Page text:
qFlow Cytometry-Based Receptoromic Screening: A High-Throughput Quantification Approach Informing Biomarker Selection and Nanosensor Development

  • Si Chen
  • Jared Weddell
  • Pavan Gupta
  • Grace Conard
  • James Parkin
  • Princess I. Imoukhuede
Part of the Methods in Molecular Biology book series (MIMB, volume 1570)


Nanosensor-based detection of biomarkers can improve medical diagnosis; however, a critical factor in nanosensor development is deciding which biomarker to target, as most diseases present several biomarkers. Biomarker-targeting decisions can be informed via an understanding of biomarker expression. Currently, immunohistochemistry (IHC) is the accepted standard for profiling biomarker expression. While IHC provides a relative mapping of biomarker expression, it does not provide cell-by-cell readouts of biomarker expression or absolute biomarker quantification. Flow cytometry overcomes both these IHC challenges by offering biomarker expression on a cell-by-cell basis, and when combined with calibration standards, providing quantitation of biomarker concentrations: this is known as qFlow cytometry. Here, we outline the key components for applying qFlow cytometry to detect biomarkers within the angiogenic vascular endothelial growth factor receptor family. The key aspects of the qFlow cytometry methodology include: antibody specificity testing, immunofluorescent cell labeling, saturation analysis, fluorescent microsphere calibration, and quantitative analysis of both ensemble and cell-by-cell data. Together, these methods enable high-throughput quantification of biomarker expression.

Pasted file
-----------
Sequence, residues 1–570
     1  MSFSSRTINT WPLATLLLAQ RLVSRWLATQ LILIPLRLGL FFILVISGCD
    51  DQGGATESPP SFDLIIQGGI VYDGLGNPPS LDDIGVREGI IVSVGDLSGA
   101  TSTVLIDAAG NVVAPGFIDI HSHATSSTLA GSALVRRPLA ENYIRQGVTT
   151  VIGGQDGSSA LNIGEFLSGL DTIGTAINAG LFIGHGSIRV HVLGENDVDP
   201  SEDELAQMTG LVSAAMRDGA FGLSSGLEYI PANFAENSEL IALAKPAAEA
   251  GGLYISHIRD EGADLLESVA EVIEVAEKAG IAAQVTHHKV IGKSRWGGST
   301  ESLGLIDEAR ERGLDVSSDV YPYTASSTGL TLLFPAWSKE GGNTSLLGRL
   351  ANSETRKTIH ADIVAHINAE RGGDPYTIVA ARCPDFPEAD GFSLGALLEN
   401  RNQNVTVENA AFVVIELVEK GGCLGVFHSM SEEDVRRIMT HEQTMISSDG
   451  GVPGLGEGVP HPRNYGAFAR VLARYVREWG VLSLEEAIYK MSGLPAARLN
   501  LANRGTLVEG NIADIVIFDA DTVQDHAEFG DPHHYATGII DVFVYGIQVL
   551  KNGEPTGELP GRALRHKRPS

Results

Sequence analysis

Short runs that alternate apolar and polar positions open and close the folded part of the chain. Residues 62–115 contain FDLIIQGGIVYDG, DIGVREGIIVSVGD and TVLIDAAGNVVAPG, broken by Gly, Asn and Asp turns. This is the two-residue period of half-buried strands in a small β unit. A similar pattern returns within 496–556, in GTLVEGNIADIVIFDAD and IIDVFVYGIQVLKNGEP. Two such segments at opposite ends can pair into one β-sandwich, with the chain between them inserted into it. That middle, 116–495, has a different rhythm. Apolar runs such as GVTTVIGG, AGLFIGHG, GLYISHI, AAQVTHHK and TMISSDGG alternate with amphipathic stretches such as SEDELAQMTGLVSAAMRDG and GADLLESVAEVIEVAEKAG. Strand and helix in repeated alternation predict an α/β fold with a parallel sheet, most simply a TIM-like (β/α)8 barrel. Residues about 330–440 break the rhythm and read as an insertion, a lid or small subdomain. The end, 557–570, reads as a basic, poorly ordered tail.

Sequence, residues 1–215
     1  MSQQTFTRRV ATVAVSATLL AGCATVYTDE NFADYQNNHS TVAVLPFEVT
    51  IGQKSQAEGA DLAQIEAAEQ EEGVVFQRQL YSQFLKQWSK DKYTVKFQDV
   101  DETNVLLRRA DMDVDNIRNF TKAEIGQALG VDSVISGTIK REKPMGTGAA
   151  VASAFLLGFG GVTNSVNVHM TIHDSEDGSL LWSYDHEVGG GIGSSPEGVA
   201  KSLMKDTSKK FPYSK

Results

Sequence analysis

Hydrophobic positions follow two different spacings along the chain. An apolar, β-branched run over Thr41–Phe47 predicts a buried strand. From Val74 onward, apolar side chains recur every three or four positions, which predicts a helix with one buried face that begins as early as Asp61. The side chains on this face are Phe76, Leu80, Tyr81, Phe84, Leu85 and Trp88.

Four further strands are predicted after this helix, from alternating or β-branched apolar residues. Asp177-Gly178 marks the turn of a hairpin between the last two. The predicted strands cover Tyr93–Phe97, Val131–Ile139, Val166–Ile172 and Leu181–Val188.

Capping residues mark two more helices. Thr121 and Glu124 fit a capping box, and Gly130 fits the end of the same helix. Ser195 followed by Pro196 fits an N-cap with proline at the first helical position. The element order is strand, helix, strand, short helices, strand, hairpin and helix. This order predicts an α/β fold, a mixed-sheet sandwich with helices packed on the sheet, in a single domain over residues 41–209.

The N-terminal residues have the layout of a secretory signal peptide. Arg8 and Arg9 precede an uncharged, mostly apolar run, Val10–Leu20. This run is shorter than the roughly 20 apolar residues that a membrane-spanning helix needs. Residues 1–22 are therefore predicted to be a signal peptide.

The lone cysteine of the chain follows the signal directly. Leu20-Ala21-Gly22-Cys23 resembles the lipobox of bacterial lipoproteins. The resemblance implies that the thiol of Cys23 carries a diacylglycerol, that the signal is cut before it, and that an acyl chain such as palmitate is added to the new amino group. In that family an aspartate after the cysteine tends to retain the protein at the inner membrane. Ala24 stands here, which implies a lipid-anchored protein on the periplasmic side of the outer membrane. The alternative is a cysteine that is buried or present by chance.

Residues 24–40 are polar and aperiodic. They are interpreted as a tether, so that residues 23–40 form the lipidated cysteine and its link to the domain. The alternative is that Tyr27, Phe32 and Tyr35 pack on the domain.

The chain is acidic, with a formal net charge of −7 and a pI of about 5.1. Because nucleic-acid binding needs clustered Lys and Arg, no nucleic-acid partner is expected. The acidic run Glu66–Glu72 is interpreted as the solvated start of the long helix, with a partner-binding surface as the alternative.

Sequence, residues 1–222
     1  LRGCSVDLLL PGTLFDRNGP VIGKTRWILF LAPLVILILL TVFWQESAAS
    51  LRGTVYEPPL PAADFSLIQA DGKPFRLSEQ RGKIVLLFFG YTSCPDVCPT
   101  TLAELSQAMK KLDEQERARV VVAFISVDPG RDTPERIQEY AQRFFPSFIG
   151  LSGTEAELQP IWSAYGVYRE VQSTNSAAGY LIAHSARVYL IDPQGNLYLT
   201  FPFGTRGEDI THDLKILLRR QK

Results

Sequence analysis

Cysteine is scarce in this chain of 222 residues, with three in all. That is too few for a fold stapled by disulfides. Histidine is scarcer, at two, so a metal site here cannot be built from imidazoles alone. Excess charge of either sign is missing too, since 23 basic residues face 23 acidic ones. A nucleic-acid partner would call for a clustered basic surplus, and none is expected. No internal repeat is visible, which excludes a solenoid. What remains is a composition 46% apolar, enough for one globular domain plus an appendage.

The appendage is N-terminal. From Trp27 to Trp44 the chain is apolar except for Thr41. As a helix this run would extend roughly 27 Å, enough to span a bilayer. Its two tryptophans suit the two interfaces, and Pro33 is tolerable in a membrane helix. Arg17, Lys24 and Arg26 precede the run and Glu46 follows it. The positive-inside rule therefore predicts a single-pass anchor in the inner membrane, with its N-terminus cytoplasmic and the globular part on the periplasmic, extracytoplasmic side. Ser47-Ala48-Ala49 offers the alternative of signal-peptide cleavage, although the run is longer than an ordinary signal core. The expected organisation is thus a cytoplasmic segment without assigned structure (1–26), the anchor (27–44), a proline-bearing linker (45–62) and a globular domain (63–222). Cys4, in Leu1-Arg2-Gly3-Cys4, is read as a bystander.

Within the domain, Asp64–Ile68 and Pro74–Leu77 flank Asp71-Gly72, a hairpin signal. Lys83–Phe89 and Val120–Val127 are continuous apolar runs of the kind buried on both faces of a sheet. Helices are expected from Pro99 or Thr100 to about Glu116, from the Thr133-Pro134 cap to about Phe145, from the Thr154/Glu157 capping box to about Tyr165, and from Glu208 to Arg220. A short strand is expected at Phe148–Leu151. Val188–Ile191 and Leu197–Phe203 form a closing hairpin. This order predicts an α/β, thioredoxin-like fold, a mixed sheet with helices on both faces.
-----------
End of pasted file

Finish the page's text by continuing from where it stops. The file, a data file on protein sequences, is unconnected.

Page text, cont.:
Key words

Quantitative flow cytometry qFlow cytometry Immuno-labeling Systems biology Vascular Endothelial Growth Factor (VEGF) Platelet-Derived Growth Factor (PDGF) Angiogenesis Background subtraction Mixture modeling Heterogeneity 



We would like to thank Dr. Barbara Pilas for her advice and help with flow cytometry. We would also like to thank Spencer B. Mamer and Ali Ansari for their help with editing. Finally, we would like to thank the American Heart Association Grant #16SDG26940002, American Cancer Society Illinois Division Basic Research Grant #282802, and National Science Foundation CBET Grant #1512598 for funding support.


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Copyright information

© Springer Science+Business Media LLC 2017

Authors and Affiliations

  • Si Chen
    • 1
  • Jared Weddell
    • 1
  • Pavan Gupta
    • 2
  • Grace Conard
    • 3
  • James Parkin
    • 4
  • Princess I. Imoukhuede
    • 1
  1. 1.Bioengineering DepartmentUniversity of Illinois at Urbana-ChampaignUrbanaUSA
  2. 2.Chicago College of Osteopathic MedicineDowners GroveUSA
  3. 3.Indiana University School of MedicineIndianapolisUSA
  4. 4.Bioengineering DepartmentCalifornia Institute of TechnologyPasadenaUSA

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